By Judith Jolma
“The real preparation for education is the study of one’s self.”
-- Maria Montessori
Stop choosing between your needs and your child’s needs. You really can be the hero of your child’s education without losing your own life. The truth is you cannot give what you do not have so in order to give the very best to your children you must first take care of yourself. We hear a lot about self-care these days, but self-care is more than a bubble bath. Self-care is not about indulgence. It is about making sure you have filled your own cup first so you have something to give to the little people you love. Here are ten ways to take care of yourself that will make your home school so much better for your children.
1. Consider your own needs first
When choosing an educational approach, consider more than the needs of your child. Consider first your own needs.
At first, you might recoil at the thought of considering your own needs first. After all, this isn’t about you, right? We’re about to embark on a great, multi-year project for the betterment of other people, of our children. Just by thinking about doing this, you’re already preparing to engage in a supremely selfless act. And, if you’ve practiced the virtue of humility for any length of time, you might be thinking that putting yourself first will derail the whole project.
Not to worry. This isn’t about “finding yourself” or anything so lofty. It’s about the right and prudent way to properly orient yourself to do the most good.
2. Don’t compare yourself to others!
Please, please, please do NOT compare yourself to others. Not now, not ever. Many new homeschooling parents are inspired by a friend they’ve seen successfully homeschool for some time. They see some well-behaved children - smart, too! - and think, “Why can’t I do that?” So in a flattering act of imitation set out to do just like their friend. And then on Day 1, the children turn into berserkers. Motivation plunges from 100 percent to about 5 percent before lunchtime.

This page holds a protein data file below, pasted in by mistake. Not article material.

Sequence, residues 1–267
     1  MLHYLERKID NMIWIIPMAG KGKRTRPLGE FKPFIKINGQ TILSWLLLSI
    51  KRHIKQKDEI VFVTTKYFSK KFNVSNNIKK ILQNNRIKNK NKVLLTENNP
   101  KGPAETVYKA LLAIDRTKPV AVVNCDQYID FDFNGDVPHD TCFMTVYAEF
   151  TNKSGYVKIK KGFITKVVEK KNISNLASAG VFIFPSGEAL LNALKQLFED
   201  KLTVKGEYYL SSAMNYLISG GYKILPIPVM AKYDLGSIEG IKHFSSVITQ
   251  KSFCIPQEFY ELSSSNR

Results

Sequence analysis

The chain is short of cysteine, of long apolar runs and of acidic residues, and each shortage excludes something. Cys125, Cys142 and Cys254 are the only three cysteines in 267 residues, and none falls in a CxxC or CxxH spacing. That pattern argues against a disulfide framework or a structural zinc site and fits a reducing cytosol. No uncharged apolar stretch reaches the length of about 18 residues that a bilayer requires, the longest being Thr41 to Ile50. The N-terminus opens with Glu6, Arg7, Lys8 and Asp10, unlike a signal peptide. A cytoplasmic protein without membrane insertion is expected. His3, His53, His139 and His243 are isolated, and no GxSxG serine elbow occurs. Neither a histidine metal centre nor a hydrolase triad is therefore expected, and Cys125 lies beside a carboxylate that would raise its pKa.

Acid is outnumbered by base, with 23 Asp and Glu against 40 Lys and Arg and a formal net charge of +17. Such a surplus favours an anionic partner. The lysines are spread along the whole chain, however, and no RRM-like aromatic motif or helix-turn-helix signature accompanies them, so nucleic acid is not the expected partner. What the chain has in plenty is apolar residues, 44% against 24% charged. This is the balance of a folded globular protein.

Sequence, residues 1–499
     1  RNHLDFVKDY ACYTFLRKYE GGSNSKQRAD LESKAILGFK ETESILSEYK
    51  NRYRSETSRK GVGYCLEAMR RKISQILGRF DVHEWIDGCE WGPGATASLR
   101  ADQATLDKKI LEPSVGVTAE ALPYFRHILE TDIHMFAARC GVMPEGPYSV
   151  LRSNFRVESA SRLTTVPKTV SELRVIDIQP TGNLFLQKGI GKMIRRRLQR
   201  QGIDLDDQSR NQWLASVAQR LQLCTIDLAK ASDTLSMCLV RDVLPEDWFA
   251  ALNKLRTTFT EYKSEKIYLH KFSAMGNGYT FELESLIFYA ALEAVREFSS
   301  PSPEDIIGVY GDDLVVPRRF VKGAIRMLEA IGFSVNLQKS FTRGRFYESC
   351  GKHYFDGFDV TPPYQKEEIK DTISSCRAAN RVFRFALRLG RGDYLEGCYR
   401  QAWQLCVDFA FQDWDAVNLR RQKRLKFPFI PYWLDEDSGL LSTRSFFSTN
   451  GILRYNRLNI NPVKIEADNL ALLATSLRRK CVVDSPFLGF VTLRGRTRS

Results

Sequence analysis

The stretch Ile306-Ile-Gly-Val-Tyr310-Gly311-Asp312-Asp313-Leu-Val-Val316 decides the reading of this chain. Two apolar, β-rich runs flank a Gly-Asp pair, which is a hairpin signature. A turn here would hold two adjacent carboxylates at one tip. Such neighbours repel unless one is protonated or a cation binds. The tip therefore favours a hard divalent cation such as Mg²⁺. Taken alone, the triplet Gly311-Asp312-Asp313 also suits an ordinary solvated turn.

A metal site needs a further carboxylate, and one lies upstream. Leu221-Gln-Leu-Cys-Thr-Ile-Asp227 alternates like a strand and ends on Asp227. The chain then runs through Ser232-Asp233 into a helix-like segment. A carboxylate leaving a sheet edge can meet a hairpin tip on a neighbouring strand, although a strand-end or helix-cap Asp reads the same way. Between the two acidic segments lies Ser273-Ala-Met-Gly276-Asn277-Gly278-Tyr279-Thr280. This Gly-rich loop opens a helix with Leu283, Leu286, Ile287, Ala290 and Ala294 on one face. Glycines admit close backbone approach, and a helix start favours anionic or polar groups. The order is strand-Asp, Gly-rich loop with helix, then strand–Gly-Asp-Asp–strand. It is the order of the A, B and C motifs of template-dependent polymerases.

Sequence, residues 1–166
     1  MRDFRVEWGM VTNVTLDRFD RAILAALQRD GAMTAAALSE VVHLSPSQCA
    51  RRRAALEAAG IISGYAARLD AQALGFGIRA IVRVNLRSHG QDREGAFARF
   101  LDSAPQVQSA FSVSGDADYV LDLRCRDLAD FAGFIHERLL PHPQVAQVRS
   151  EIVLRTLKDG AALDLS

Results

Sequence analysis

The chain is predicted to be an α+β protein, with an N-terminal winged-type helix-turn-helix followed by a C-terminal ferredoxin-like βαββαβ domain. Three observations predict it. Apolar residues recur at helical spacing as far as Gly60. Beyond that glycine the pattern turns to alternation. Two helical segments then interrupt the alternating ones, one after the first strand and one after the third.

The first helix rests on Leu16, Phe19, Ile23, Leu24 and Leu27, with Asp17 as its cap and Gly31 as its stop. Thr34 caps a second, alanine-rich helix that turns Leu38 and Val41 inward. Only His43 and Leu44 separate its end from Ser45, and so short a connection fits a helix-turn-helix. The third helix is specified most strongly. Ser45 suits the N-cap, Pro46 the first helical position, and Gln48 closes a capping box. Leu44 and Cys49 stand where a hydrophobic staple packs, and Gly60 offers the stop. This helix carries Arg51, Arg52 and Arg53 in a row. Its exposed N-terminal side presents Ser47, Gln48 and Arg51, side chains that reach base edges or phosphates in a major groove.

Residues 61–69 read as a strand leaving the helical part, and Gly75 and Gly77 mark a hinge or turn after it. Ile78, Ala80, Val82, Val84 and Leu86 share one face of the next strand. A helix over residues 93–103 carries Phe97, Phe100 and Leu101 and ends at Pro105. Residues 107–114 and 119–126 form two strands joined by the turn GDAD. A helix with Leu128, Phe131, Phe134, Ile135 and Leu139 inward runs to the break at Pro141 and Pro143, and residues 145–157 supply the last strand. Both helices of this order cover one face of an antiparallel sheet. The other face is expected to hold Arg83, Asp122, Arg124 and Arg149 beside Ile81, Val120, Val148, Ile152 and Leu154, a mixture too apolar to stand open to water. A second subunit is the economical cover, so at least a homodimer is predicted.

Maybe your friend has a special skill that you don’t. Maybe she has figured out her children’s learning styles and her own personal strengths, and while it seems radically different than anything you’d do, it works for them.
Or, on the other hand, maybe your friend or neighbor has a daily prison riot on her hands. You think, “Uh uh. No way.”
The point is that YOUR homeschool is no one else’s. Everyone makes mistakes, and everyone has successes. Build your homeschool on your family’s unique needs. Don’t try to reorient your lifestyle to fit homeschooling. Instead, make your homeschool fit your lifestyle.
3. Teach the method you are prepared to teach
There are superior methods - but only if you can teach them...
Here’s where some of that humility comes in: there may be some methods that are objectively better than others, and by “objective,” I mean that they meet your children's unique needs and learning styles better than others and serve up a deeper, more rounded knowledge. However, if you don’t have the tools or skillset to teach this method, how could you? For example, many families believe classical education to be the “best” way to teach children. It follows a unique structure and incorporates disciplines such as Latin, poetry, and logic. What’s not to love? But if this is the first time you’ve heard about the “Trivium” with its grammar, logic, and rhetoric stages of learning, you would probably need to do a little study or find a robust support group before diving headlong into classical education for your family. Remember: a little knowledge is a dangerous thing.